Immediately after these 2 rail crossings, Ring Road underpasses 5 lane wide Winnipeg Street which connects with a diamond interchange and curves to the west. Next, the highway underpasses Broad Street (with no interchange) followed by a pedestrian walkway. Ring Road then underpasses 6 lane wide Highway 6 (an extension of Albert Street) with a partial cloverleaf interchange (the loop on the south-east corner is occupied by restaurants).

Finally, Ring Road underpasses 5 lane Argyle Street connected with a 1/2 diamond interchange before ending with a traffic light controlled intersection at Pasqua Street. Further west from this point, the road becomes 9th Avenue North.

Exit list[edit]

The entire route is in Regina.

km[4] mi Destinations Notes
Continues west as 9th Avenue N
0.0 0.0 Pasqua Street to Hwy 1 (TCH) west / Hwy 11 north – Regina International Airport Interchange proposed
Ring Road travels east
0.6 0.37 Argyle Street Half diamond interchange; westbound exit, eastbound entrance
1.6 0.99 Albert Street N (Hwy 6 north / Hwy 11 north) – City Centre, Melfort, Saskatoon Cloverleaf interchange
Hwy 6 / Hwy 11 joins Ring Road
3.5 2.2 Winnipeg Street Diamond interchange
Ring Road turns southeast
3.7 2.3 Railway crossing At-grade crossing
3.9 2.4 Railway crossing At-grade crossing
4.9 3.0 McDonald Street (Hwy 46 east) – Pilot Butte, Balgonie Diamond interchange
6.2 3.9 Ross Avenue Half diamond interchange; northbound exit, southbound entrance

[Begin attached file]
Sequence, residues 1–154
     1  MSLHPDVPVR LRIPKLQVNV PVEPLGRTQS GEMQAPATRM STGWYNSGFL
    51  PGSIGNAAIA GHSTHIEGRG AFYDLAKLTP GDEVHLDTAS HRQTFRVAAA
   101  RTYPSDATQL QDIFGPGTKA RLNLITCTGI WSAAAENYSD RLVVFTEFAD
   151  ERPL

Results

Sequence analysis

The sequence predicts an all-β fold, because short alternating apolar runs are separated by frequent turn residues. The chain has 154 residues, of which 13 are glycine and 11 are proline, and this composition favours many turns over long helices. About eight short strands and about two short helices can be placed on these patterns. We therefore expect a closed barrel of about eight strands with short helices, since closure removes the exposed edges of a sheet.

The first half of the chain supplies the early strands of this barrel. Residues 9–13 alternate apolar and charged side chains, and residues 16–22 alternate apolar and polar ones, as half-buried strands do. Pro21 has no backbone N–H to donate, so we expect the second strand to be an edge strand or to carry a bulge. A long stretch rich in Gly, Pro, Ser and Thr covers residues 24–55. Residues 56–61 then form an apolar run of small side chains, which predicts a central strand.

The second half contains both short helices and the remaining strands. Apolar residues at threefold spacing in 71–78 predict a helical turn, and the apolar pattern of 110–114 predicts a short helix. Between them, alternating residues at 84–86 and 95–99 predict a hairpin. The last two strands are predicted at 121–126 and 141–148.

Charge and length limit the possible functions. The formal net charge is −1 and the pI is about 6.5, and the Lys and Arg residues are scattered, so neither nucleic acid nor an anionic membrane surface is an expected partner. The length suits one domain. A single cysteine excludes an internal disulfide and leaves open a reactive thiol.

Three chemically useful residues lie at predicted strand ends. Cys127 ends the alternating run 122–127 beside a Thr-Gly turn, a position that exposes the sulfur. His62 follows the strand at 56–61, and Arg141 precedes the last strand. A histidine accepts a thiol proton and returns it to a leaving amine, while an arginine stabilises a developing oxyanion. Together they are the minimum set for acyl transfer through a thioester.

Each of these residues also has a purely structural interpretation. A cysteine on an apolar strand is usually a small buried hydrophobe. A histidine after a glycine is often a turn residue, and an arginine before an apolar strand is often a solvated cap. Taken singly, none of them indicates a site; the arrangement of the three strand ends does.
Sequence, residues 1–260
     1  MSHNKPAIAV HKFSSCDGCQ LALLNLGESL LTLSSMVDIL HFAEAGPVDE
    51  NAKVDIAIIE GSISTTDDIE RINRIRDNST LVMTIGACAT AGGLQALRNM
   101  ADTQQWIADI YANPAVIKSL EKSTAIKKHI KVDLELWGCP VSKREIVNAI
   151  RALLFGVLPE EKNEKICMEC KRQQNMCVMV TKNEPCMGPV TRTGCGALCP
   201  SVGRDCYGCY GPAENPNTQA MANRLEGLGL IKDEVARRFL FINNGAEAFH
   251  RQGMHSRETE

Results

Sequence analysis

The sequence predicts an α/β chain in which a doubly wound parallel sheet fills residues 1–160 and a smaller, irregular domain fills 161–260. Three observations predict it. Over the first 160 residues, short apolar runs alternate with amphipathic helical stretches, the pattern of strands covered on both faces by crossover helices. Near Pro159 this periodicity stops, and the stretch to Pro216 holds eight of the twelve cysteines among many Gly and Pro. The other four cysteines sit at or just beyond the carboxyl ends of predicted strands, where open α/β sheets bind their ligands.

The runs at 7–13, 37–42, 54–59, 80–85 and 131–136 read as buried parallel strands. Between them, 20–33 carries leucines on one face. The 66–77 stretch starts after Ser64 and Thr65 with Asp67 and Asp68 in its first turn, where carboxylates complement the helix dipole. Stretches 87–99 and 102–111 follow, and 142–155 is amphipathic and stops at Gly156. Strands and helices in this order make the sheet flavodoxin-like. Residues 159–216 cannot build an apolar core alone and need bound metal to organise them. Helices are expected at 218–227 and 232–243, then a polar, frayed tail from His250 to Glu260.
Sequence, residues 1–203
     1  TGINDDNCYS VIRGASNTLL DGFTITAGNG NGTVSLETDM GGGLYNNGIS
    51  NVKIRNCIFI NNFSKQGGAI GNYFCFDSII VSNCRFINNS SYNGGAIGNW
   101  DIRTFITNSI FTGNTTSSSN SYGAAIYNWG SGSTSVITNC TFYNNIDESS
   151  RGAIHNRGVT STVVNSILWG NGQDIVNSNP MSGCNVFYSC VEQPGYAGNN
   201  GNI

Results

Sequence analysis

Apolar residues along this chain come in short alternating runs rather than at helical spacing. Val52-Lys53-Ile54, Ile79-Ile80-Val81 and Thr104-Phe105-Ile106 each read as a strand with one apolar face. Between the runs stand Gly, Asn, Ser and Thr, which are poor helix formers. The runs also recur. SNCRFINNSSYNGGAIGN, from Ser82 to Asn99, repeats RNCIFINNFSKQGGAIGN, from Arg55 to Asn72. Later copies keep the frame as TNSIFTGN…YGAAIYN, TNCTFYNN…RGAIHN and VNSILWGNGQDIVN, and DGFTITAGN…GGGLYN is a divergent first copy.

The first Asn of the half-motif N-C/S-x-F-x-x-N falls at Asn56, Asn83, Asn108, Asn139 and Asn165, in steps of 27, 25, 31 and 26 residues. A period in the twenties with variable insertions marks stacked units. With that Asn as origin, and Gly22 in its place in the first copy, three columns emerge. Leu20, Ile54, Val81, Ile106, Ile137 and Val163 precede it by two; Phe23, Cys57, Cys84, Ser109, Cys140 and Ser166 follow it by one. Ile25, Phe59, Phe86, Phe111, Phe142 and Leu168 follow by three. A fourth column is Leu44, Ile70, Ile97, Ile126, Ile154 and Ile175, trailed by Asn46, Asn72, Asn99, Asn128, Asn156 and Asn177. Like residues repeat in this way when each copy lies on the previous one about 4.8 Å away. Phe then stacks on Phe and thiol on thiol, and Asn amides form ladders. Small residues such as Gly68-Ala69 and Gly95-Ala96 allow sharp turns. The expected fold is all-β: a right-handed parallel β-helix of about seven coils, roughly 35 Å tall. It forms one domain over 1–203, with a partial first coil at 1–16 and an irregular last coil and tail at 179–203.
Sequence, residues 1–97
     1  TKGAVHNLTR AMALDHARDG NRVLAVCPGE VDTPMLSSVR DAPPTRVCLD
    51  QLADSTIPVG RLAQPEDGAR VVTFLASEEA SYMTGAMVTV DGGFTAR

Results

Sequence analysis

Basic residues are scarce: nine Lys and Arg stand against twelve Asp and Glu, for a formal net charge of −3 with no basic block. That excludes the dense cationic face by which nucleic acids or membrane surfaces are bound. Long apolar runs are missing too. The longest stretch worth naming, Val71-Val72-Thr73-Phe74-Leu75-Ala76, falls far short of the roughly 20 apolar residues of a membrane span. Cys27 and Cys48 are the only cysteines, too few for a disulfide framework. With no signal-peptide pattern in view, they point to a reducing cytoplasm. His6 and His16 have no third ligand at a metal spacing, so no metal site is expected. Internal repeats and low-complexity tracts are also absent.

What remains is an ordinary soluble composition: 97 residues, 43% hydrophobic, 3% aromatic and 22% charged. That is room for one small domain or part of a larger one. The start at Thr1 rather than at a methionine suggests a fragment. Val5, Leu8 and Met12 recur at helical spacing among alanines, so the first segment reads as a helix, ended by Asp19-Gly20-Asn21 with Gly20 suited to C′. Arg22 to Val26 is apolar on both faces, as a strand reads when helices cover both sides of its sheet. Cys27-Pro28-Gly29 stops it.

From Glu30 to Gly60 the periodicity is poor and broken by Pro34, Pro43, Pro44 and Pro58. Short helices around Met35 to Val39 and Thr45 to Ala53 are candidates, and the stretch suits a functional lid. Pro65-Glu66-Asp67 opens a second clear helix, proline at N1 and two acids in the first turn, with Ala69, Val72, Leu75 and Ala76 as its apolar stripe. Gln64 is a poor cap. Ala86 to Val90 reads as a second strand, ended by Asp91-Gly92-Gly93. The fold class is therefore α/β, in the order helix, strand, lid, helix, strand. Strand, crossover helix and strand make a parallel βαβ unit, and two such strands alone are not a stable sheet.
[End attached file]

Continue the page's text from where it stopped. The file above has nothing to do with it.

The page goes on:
Ring Road turns south
7.4 4.6 Dewdney Avenue Half diamond interchange; southbound exit, northbound entrance
8.3 5.2 Victoria Avenue E (Hwy 1 (TCH) east) – City Centre, Winnipeg Diamond interchange
Hwy 1 (TCH) / Hwy 6 designation begins; Hwy 11 ends
Ring Road ends • Trans-Canada Highway Bypass begins
9.5 5.9 Arcola Avenue (Hwy 33 east) – Francis Diamond interchange
TCH bypass turns southwest
10.9 6.8 Assiniboine Avenue Y interchange; northbound exit, southbound entrance
11.2 7.0 Crosses Wascana Creek
13.2 8.2 Wascana Parkway – University of Regina, Saskatchewan Polytechnic Diamond interchange
15.8 9.8 Albert Street S (Hwy 6 south) – City Centre, Weyburn Cloverleaf interchange; Hwy 6 concurrency ends
TCH Bypass turns west
17.7 11.0 Lewvan Drive – Regina International Airport Partial-cloverleaf interchange
22.3 13.9 Regina Bypass (Pinkie Road) Partial-cloverleaf interchange
Cloverstack interchange under construction[5]
Continues as Hwy 1 (TCH) west (Trans-Canada Highway) – Moose Jaw, Calgary
1.000 mi = 1.609 km; 1.000 km = 0.621 mi


  1. ^ "2007 Traffic Flow Map". City of Regina. Retrieved 2009-01-15. 
  2. ^ Vigliotti, Marco. "Traffic danger increasing in Regina’s west end with growth in commercial trucking, critics charge". Metro News. Retrieved 2014-05-29. 
  3. ^ "Current & Future Road Construction Projects". City of Regina. Retrieved 2009-01-15. 
  4. ^ Google (May 2, 2016). "Ring Road / Trans-Canada Highway Bypass in Regina, SK" (Map). Google Maps. Google. Retrieved May 2, 2016. 
  5. ^ "Regina Bypass: Maps & Facts". Regina Bypass. Government of Saskatchewan. 2016. Retrieved September 1, 2016.